- It is possible to make an emergency application where a person’s life expectancy is very short or to execute a will. You can also make such an application if the person you care for needs urgent medical treatment or you want to prevent them from being removed from the place where they live. Phone the court on 0300 456 4600 and ask to speak to an urgent business officer. They will discuss the case with you and make arrangements to receive your application and present it to a judge. There is also a specific emergency applications phone number which is 0207 421 8824 (or 0207 947 6000 out of hours).
- See deputy responsibilities for further information, how to make an application including the forms that need to be completed, and the fees involved.
Things to think about
- Think carefully before making a deputyship application about what is involved and consider getting further advice from a solicitor before going ahead. There are ongoing duties and responsibilities beyond making the application that you will be expected to carry out.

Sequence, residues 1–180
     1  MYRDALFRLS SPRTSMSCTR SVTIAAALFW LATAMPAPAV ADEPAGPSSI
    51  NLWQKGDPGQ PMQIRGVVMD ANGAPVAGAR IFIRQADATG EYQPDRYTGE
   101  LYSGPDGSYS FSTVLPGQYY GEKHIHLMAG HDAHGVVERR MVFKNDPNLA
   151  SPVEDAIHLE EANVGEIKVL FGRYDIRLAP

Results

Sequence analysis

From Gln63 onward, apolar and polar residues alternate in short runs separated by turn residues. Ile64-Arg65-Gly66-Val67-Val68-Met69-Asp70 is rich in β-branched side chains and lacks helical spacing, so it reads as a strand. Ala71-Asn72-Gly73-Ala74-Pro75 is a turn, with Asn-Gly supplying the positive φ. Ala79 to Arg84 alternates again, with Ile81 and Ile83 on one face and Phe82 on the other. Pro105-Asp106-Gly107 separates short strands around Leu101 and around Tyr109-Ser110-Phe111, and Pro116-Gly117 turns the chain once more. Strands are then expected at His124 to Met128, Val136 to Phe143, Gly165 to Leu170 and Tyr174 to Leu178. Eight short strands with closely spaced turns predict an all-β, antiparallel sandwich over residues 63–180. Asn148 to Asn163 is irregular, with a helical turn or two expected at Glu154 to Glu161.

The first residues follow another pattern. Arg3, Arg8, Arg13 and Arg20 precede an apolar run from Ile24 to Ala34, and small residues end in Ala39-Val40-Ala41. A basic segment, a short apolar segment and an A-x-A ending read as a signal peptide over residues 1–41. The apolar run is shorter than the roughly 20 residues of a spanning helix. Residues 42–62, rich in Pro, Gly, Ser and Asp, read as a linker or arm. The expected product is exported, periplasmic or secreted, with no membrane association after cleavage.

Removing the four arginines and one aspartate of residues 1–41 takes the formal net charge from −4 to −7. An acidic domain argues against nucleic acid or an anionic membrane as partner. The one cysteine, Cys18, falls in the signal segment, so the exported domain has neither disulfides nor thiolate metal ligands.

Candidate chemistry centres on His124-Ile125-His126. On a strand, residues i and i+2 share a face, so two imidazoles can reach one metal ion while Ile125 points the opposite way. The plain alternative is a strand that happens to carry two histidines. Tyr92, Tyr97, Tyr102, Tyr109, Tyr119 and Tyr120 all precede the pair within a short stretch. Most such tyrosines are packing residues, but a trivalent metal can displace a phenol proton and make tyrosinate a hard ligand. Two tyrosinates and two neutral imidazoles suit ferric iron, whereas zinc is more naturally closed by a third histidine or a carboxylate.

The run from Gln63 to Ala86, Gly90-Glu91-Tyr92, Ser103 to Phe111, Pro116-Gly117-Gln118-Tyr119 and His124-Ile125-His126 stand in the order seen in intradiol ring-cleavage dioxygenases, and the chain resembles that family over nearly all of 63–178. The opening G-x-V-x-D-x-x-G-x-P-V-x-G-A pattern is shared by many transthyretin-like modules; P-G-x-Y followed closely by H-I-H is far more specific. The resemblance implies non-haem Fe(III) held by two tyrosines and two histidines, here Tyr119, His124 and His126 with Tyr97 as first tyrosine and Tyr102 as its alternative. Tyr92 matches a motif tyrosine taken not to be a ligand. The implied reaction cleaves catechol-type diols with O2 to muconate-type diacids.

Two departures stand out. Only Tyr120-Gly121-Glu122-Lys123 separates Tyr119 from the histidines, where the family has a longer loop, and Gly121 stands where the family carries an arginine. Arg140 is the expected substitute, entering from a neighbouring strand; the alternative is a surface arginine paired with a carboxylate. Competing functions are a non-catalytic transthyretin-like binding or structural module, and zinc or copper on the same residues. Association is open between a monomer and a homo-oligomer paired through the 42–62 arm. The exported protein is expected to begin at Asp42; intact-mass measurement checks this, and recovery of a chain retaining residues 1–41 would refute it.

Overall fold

- The application process can be long and you should take into account the fact that a decision can take weeks, sometimes several months. If urgent, consider making an emergency application.
- You will also need to pay a court fee, although in many cases this will come from the finances of the person you care for but you should check this out with the court. It is possible to get exemptions or reductions depending on the person’s means.
A Will is a legal document which sets out how a person wishes their money, property and possessions (known as their ‘estate’) to be dealt with after their death. Making a Will is important because:
- If the person you care for dies without a Will, they are said to have died ‘intestate’. Their estate will be distributed in a fixed order in accordance with a set of rules dictated by law. This means that the person’s estate may not go to who they intended it to go to.
- A Will not only sets out who a person wishes their estate to go to but appoints the individual dealing with the administration of the estate (known as the ‘executor(s)’). When a person dies intestate they will have no control over who acts as executor(s) in their estate and instead the court will appoint someone to deal with the estate known as the ‘administrator(s)’. Go to Dealing with the estate for more information about the role of an executor and administrator.